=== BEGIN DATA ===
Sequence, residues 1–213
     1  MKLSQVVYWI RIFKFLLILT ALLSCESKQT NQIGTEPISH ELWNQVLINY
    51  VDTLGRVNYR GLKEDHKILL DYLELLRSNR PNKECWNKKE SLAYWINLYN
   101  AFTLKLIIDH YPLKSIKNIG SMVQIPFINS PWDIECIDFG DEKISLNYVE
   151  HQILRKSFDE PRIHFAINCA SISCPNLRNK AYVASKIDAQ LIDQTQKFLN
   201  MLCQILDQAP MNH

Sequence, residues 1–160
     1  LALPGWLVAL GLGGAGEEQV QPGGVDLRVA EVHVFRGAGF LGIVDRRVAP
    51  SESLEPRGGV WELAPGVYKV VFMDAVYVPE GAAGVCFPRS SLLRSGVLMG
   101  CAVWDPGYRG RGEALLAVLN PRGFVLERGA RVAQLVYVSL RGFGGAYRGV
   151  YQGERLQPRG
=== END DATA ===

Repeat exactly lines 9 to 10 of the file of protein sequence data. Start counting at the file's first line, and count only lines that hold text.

    51  SESLEPRGGV WELAPGVYKV VFMDAVYVPE GAAGVCFPRS SLLRSGVLMG
   101  CAVWDPGYRG RGEALLAVLN PRGFVLERGA RVAQLVYVSL RGFGGAYRGV